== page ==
Migrating to the city
How researchers are beginning to think differently about urban biodiversity
Neel V. Patel • June 30, 2014
More and more Bald Eagles are nesting in urban environments. [Image credit: Evan Leeson]
High above southwest Pennsylvania, it’s not unusual to look up and spot a bald eagle flying thousands of feet in the sky, on the hunt for prey. What’s especially surprising is that its nest isn’t in a secluded forest; it’s in the industrial heart of Pittsburgh, in a neighborhood called Hays. The eagle, its mate and their three newborn eaglets reside on a deserted bluff right next to a roaring scrap yard and a thunderous train line, neither of which has persuaded the pair to abandon Pittsburgh’s first eagle nest in over 150 years.
It’s an increasingly common sight in cities across the world, wildlife experts say. “On the one hand, these aren’t natural environments — they’re man-made, and altered,” explains Brian Millsap, national raptor coordinator for the U.S. Fish and Wildlife Service. “But on the other hand, to the birds, they’re just another feature on the landscape. They’re acclimating to them and taking advantage of them.”
“It’s a natural response to an unnatural environment,” he says.
The urban migration is being led by birds large and small, but it also includes a wide range of plants and animals, such as fishers and bees. City planners are rolling out the red carpet for them all, aware of the benefits that increased urban biodiversity can bring, including cleaner water, greener parks and even cooler summer temperatures thanks to healthier shade trees.
In fact, designers of urban spaces are increasingly shifting from merely tolerating nature to actively promoting increased species richness by making sure their buildings, streets and parks are optimized for maximum biodiversity. For example, one of the purposes behind Milan, Italy’s vertical forest buildings is to help sustain bigger populations of urban birds and animals.
“There’s been a lot of movement to import greening, usually on roofs, and that’s a great way of reintroducing or restoring the ecology,” says Mitchell Joachim, an architect and co-founder of the non-profit design group Terreform ONE, based in New York City. The Via Verde / The Green Way project in the Bronx, for example, aims to provide energy-efficient affordable housing connected by a long stretch of rooftop gardens. The prime purposes of these gardens are relaxation and food, but “the end result does create biodiversity almost by default,” Joachim says.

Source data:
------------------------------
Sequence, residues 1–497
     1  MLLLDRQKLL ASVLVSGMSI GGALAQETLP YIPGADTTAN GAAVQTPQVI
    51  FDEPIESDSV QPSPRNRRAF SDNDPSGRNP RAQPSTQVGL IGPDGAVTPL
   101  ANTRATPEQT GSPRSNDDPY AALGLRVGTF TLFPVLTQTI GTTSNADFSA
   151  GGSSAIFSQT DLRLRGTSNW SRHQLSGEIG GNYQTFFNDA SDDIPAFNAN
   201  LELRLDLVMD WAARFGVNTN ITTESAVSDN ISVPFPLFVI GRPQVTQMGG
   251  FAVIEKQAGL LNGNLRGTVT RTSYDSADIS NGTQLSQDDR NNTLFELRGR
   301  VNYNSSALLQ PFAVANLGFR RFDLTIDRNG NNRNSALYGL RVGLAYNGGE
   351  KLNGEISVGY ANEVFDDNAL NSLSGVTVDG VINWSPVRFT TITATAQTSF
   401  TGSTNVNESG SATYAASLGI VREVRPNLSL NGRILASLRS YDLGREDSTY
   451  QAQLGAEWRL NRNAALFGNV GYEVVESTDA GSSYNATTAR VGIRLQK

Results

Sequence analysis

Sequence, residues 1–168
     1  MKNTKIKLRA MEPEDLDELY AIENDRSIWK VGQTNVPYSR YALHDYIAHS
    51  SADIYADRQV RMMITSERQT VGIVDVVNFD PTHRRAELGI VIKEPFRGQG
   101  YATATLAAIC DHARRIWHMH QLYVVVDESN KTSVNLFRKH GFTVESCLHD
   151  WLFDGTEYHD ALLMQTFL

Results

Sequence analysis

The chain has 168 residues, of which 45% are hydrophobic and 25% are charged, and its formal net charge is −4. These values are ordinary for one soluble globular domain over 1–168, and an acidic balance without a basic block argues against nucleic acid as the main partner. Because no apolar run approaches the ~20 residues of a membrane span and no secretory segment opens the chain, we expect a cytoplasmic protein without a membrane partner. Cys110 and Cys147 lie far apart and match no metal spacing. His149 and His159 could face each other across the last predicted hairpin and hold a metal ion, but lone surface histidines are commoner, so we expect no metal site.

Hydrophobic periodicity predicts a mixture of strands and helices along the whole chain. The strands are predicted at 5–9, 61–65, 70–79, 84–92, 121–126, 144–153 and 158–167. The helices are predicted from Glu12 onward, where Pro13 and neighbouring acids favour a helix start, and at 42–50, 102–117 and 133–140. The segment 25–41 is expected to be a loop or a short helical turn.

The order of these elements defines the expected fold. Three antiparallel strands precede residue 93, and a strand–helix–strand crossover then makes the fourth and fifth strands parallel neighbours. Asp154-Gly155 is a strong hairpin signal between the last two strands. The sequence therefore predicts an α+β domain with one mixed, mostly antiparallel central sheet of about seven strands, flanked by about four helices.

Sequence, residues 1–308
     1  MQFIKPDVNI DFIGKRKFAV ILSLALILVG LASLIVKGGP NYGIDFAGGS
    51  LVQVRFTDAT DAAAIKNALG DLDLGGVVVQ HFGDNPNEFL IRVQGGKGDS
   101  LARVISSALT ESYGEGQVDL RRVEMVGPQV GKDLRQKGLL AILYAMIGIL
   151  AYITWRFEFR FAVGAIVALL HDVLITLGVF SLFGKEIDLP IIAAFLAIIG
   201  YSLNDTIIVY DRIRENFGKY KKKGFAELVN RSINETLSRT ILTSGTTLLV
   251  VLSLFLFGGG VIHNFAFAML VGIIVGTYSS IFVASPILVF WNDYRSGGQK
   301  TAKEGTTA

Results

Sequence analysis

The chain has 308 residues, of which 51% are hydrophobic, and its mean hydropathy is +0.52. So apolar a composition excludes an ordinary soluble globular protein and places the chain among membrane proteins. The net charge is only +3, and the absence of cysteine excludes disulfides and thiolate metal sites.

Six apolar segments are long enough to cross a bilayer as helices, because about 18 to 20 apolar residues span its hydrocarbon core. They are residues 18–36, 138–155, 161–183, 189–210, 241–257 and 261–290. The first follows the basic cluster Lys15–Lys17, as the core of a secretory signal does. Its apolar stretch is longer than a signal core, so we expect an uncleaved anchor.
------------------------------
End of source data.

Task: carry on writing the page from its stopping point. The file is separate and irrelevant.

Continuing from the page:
One of the surprising things about the push for nature-friendly urban design is that it’s coming at a time when many people still assume cities are biological wastelands. “When I mention urban biodiversity to my students for the first time, a common reaction is ‘Are you talking about rats and pigeons?’ ” Columbia University ecologist Matt Palmer wrote in a blog post from August 2012.
“Cities have lost a lot of biodiversity, but they support a lot more than we normally expect them to,” agrees Myla Aronson, a visiting professor of ecology at Rutgers University in New Jersey. She and several other researchers around the world recently published a comprehensive study that found while urbanization does decrease the abundance of plants and animals, the mixture of species continues to resemble the mix of the region. Fears of a global homogenization in which every city’s wildlife will look like every other city’s thus may be overblown, the authors concluded.
“If you look at cities in North America, they’re reflecting the differences in geographic zones across North America, and there are not a lot of similarity among cities across those regions,” explains Charles Nilon, a professor of fisheries and wildlife at the University of Missouri and a co-author of the study. “The flora of, say, Berlin, reflects the larger flora found in Central Europe, and is distinct from the flora of, say, Baltimore.”
The best predictor for biodiversity, the study’s authors concluded, was the amount of green space within the city. “We found that the more natural area that’s preserved or restored in the city, the more biodiversity you’ll find,” says Rutgers’ Aronson.
The study’s most striking finding is that certain kinds of birds — most obviously pigeons and house sparrows, but also, surprisingly, raptors and waterfowl as well — actually thrive in urban areas. “Those species often have characteristics that occur in cities or can be met in cities,” says Nilon.